“Garden Pearl” is not a tomato variety I have grown before, but they are appealing to me because they are described as being suitable for growing in baskets or containers, and they are said to crop heavily all summer long. Often I favour larger varieties of home grown tomatoes because personally I dislike tough skins so prefer a larger flesh-to-skin ratio.

On ordering the nasturtiums I ordered “Tom Thumb Mix”, said to be an edible hardy annual of a smaller size . On opening the packet the typing on the inner foil read: “Climbing Nasturtium”. Now would I be being ignorant to assume that this could be another packing mix up akin to the lavender/Mesembryanthemum one? If so, does that mean these nasturtiums might not be edible? Either way, I don’t mind – it was, after all, their looks that persuaded me to buy.

I’ve ordered the lavender I ordered last year when I actually received the Mesembryanthemums. Being a bit of a lavender addict I think I was less strict about how many seeds fell into the compost this year. Following no appearance of the Passion Flower/Sweet Passion Fruit – whatever they might be – in the autumn of last year, I have sown some more of those ambiguous seeds now that spring is here.

I’d like new sage, mint and thyme plants now as I feel my old ones are past their best, and I think the sage and thyme will take time to establish themselves so I thought I’d get them started now.
Carrot “Rondo” is a variety which grows into ball-shapes, ideal, I’m guessing, for container growing, so I’m keen to try them. It will be very interesting to see how successfully they grow, and I’m curious to find out what they taste like. Planting them with other seeds in a small propagator, with a view to transplanting them if they come through, may be a bit unusual, but this early in the season anything I have planted is sitting indoors in the warm to aid the seeds with germination. Hopefully, if these carrots come through, I would like to try to grow more in their own larger container, without the need for transplanting, later in the season.


The choice of cucamelons is this year’s little impulse buy for me. Petit shoes? Designer handbags? No, seeds that should hopefully grow into cute little grape-shaped fruits that look like mini watermelons and taste like cucumber with a hint of lime. At first glance of the picture on the seed packet, I imagined them to be super healthy sweets! However, originating from central America, cucamelons are more likely to be found pickled, served in drinks or eaten as cucumbers would be. Admittedly, it was only because I love the look of watermelons so much that I was drawn to these, but I can’t wait to see how they will turn out and I’m already trying to imagine what they will taste like.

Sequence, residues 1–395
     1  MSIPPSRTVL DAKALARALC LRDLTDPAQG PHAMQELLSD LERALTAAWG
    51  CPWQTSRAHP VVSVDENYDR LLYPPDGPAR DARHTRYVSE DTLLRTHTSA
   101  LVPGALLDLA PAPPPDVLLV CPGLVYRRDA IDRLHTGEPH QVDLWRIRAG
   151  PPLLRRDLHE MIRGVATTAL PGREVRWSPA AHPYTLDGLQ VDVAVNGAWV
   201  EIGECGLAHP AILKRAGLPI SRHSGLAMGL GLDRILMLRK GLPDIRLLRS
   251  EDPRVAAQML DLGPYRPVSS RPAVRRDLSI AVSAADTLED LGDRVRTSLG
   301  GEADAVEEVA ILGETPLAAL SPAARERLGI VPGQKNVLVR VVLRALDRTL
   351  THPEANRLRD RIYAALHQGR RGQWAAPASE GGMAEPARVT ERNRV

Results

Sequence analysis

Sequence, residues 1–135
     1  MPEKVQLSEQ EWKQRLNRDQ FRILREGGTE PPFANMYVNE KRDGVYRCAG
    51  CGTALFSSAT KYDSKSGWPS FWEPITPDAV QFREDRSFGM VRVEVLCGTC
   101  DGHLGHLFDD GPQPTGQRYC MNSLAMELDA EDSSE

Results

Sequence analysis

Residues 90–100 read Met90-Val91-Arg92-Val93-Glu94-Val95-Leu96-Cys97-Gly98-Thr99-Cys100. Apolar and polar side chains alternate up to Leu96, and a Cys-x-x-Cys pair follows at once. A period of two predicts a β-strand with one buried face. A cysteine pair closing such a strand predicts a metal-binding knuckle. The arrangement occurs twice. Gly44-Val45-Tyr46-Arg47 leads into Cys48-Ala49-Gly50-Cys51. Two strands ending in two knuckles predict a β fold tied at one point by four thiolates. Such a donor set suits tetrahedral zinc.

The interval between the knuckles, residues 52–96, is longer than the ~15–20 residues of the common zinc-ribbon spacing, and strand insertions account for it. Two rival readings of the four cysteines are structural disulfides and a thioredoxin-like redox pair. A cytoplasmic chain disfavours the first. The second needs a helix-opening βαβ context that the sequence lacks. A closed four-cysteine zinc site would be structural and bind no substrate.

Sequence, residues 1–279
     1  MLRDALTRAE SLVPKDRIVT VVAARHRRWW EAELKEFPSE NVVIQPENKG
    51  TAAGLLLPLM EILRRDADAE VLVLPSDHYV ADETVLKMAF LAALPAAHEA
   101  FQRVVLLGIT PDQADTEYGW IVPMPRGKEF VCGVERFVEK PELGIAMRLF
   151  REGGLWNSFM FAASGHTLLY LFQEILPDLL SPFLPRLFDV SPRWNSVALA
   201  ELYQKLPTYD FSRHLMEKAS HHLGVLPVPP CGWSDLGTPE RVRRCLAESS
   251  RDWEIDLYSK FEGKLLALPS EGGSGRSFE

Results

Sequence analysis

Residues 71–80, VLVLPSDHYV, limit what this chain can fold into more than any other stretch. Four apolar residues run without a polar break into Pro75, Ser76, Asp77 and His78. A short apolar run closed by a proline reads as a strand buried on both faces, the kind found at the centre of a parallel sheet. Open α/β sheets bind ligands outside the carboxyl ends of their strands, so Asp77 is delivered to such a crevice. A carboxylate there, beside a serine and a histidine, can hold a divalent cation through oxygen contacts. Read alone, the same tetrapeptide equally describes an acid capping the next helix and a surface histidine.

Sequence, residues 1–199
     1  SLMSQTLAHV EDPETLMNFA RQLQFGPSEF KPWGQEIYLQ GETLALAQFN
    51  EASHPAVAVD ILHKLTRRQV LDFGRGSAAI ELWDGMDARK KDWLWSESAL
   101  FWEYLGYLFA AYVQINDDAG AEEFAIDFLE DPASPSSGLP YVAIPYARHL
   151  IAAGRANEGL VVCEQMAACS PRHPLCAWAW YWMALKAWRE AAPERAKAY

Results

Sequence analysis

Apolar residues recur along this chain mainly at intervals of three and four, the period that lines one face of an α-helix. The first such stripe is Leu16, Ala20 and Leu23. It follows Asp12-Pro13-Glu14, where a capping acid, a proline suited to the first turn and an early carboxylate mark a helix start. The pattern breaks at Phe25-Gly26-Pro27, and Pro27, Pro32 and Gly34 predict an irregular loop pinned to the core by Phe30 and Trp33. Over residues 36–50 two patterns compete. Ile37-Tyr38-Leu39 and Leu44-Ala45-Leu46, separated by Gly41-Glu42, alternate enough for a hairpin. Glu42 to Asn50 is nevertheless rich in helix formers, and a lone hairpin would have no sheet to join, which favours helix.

Last year my attempt to grow squash “Turks Turbans” proved rather fruitless – or should I say squashless?!  So I’m going to try again this year. The plant itself grew, but only one squash came close to actually forming from the flowers. Did I overwater the plant? Was growing it in a pot too stifling? Were the conditions of the year not conducive to growing squash? It could be any or all of the above, I don’t know. Perhaps by trying to learn from the potential mistakes I made I will be able to learn more specifically what my mistakes were. The same goes for my attempt at growing pumpkins. Without a doubt, squash “Turks Turbans” seeds were my “impulse buy” of last year because, as with the cucamelon seeds this year, I was seduced by a picture.

Already, having chosen large and small pumpkin seed varieties, I am thinking of Hallowe’en! Last year I experienced the same issues with my pumpkin plant as I did with my squash plant. The leaves of both sprawled along their stalks but got rather mouldy quite quickly. Both plants produced a number of flowers but they came to nothing. The main differences between the two plants were that the squash plant was kept in a greenhouse or polytunnel most of the time while the pumpkin one spent most of its grown-up life outside, and the squash plant was grown from bought seeds whereas the pumpkin plant was grown from a seed from the previous Hallowe’en’s long redundant Jack O’Lantern. So I’m hedging my bets this year by trying two pumpkin varieties, and of bought seeds. The pumpkins from a “Jack O Lantern” plant are said to grow to be 30cm in diameter, while pumpkins of the “Jack Be Little” variety are supposed to be so small you can hold them in the palm of your hand. It would be unlucky to have no success with either, but we will see. Anyway, I always think that any plant growing from seeds I have sown is a bonus.